Lush Life

To be a lush chef, does not mean to drink in excess - this can result in scary fires and bad dishes. A lush chef is one who enjoys gourmet cooking/baking, often with fresh ingredients and the smart use of one's home bar. If there happens to be half a bottle of beer, a glass of wine, or a sip of brandy left over...well, one cannot be wasteful. I give you permission to imbibe.

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The Lush Chef
Twitter: @thelushchef Provenance: Santa Monica Dish: Coq au Vin Spirit: Whiskey Wine: Malbec Beer: Hefeweizen Farmer's Market: Santa Monica on Main Street
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Apr 9, 2013

Whitefish with Fennel & Onion Sofrito

Libations used: 1/2 cup white wine...
Libations left over: Pretty much the whole bottle, so serve with dinner...
For those of you who freak out about the idea of cooking fish, sometimes cooking it in the oven is a more foolproof way for unpracticed cooks.  This Mackerel recipe from Food 52 was a Community Winner and is topped by a flavorful fennel and onion-based sofrito, which is basically a sauce of chopped-up veggies and tomato.  If you can't find Mackerel, which isn't in these parts, any whitefish is fine.  I opted for an inexpensive, but tasty Tilapia from Santa Monica Seafood.  I also cut the recipe in half, as I was only cooking for myself.  Feel free to follow Food 52's version to make enough for four.  I kept the same amount of tomato and olives and left out the currants to give it a more savory flavor.  Serve with some fresh green beans or snow peas.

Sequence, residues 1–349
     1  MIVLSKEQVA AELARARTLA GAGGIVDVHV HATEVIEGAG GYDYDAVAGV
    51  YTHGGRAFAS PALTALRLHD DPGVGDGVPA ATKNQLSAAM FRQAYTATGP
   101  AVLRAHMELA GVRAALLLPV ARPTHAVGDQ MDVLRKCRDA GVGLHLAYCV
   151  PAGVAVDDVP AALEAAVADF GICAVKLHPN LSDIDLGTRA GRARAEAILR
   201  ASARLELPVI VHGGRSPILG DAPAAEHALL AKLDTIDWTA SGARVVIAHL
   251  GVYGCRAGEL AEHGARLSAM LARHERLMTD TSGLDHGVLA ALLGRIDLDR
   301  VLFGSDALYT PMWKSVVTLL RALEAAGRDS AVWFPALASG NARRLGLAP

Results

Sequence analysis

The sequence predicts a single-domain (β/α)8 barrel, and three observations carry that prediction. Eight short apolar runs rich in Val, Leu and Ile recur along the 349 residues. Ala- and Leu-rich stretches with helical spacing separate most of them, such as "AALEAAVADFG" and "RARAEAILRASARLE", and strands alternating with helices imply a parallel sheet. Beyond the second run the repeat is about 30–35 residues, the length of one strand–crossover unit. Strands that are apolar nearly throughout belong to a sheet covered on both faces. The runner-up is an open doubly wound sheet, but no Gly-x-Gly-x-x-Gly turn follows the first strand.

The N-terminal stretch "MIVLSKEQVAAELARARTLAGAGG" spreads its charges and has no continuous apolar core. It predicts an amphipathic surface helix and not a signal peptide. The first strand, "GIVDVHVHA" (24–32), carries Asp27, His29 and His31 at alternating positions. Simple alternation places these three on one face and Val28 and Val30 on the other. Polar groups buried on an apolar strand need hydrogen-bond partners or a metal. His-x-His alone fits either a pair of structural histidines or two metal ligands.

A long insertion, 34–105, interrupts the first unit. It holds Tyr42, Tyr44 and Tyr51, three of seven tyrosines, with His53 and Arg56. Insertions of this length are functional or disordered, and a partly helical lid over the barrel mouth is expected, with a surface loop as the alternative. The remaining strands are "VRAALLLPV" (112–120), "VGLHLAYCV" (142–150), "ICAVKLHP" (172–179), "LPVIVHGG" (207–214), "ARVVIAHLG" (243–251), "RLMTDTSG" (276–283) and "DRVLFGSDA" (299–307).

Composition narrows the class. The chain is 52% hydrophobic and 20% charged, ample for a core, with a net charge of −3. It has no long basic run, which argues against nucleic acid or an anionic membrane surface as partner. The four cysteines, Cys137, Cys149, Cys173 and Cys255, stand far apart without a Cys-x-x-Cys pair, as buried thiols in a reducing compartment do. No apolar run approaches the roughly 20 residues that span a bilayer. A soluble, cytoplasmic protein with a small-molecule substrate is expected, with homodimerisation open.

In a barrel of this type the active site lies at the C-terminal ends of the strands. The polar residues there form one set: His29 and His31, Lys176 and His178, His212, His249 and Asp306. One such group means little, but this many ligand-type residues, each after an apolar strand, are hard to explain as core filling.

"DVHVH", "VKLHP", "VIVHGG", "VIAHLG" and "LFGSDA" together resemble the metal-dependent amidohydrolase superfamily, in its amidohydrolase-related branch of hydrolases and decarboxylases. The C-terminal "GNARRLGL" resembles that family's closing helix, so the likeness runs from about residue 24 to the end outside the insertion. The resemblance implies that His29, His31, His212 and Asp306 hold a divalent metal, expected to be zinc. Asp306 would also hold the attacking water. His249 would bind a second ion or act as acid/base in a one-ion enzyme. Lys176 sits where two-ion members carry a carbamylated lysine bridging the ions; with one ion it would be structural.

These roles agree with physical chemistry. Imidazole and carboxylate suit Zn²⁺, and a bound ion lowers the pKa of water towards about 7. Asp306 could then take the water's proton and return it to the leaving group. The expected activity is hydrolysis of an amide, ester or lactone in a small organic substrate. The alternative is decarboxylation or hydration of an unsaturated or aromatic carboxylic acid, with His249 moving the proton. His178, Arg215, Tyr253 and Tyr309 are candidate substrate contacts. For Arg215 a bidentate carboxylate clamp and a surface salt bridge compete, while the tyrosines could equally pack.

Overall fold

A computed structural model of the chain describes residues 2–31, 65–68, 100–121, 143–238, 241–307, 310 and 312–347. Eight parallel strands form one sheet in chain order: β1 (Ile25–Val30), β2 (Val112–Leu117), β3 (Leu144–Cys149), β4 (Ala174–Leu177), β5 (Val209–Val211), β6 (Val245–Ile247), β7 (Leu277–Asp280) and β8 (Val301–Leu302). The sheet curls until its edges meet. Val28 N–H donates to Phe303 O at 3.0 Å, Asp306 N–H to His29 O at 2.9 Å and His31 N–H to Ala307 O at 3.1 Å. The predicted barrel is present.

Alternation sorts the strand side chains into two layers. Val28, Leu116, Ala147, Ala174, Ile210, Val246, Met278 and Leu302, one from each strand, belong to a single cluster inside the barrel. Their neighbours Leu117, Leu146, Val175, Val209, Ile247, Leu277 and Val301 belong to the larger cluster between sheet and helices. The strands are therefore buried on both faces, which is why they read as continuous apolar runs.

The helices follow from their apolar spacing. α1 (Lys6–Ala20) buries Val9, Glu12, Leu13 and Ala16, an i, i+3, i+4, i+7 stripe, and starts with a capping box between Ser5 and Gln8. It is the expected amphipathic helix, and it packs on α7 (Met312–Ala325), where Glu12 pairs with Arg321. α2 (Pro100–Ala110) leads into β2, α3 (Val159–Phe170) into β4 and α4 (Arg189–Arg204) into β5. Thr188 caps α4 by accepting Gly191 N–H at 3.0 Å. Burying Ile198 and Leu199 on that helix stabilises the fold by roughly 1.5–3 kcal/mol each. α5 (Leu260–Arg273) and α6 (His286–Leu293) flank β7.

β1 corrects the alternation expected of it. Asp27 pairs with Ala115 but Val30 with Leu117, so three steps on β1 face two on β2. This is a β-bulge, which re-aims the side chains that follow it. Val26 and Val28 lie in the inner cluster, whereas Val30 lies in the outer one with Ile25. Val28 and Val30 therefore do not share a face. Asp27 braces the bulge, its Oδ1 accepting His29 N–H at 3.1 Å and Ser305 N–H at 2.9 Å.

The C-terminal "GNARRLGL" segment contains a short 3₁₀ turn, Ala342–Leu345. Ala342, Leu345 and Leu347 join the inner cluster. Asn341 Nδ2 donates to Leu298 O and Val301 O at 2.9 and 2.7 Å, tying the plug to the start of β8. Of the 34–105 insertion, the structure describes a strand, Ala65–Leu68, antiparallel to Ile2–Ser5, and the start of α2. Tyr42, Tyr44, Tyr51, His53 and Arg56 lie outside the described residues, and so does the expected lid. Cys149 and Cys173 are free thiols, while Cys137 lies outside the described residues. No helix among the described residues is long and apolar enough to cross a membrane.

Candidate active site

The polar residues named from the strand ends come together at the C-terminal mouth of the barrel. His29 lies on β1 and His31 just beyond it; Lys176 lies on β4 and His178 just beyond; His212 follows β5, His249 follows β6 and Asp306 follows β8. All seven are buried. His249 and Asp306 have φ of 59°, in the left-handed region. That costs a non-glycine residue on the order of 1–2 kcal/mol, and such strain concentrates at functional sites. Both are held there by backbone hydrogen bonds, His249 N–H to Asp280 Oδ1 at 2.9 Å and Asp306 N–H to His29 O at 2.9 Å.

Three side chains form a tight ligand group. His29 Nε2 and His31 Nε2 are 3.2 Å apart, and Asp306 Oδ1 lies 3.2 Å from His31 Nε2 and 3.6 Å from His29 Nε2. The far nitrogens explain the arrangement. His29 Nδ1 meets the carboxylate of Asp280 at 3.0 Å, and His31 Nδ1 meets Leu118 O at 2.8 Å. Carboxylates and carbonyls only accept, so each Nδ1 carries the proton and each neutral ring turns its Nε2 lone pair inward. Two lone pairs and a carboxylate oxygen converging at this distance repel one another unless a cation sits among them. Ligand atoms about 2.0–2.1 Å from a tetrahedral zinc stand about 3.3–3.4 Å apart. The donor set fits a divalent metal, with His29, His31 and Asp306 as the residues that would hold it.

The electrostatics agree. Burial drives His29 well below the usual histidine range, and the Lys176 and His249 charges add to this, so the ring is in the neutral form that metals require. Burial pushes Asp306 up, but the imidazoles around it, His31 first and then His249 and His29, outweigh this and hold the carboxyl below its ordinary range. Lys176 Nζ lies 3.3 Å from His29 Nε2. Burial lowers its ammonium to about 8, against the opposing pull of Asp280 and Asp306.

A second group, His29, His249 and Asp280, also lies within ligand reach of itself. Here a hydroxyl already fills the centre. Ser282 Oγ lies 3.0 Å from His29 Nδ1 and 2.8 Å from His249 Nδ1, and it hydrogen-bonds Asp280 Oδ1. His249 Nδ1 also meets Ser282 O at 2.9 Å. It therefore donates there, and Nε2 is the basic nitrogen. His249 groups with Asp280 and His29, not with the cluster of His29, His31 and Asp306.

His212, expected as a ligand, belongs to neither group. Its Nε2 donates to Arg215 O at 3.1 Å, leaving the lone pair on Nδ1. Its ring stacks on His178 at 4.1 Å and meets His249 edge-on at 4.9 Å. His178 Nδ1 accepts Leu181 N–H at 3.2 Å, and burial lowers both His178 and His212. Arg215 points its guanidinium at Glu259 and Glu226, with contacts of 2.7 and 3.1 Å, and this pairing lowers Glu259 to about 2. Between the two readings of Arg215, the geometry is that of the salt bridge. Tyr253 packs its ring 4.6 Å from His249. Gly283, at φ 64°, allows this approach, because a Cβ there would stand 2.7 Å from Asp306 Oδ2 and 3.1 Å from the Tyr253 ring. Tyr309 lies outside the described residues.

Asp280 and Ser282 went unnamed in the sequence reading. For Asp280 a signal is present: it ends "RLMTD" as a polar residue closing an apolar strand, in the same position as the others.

Whitefish with Fennel & Onion Sofrito - serves 2
  • 2 six oz whitefish filets (I used Tilapia)
  • Salt & freshly ground black pepper
  • 1/2 fennel bulb, julienned
  • 1 large yellow onion, julienned
  • 1 Tbs garlic, minced
  • 1/2 cup dry white wine (I used Chardonnay)
  • 3/4 cup fresh tomato pulp (run a tomato across a box grater)
  • 1/3 cup green olives, finely chopped
  • 2 Tbs pine nuts, toasted
  • Pinch of fennel seeds, for garnish
- Season the fish on both sides with a generous amount of sea salt and let the filets chill in the fridge for about an hour.
- In a large sauté pan over medium heat, add enough olive oil to cover the bottom in a thin layer.
- Add the fennel, onion and garlic and season with some salt and freshly ground black pepper.
- Cook the vegetables until they're soft and caramelized, about 10-15 minutes.
- Meanwhile, line a baking sheet with foil and drizzle some olive oil on top.
- Season both sides of the fish filets with black or white pepper and place on the baking sheet.
- Place the lower rack in your oven, about 4-6 inches from the bottom of your oven and turn the broiler on.
- Depending on the size of the fish, you'll need anywhere from 4-12 minutes.  I needed 12 as it took a bit for my oven to heat up.  Just cut through the thickest part to check for doneness - the fish should be flakey and white.
- Add the white wine to the sofrito and reduce the liquid to a couple of tablespoons.
- Add the tomato pulp and cook until almost all of the liquid has been absorbed.
- When the fish is done, spoon some of the sofrito on top and garnish with a pinch of fennel seeds.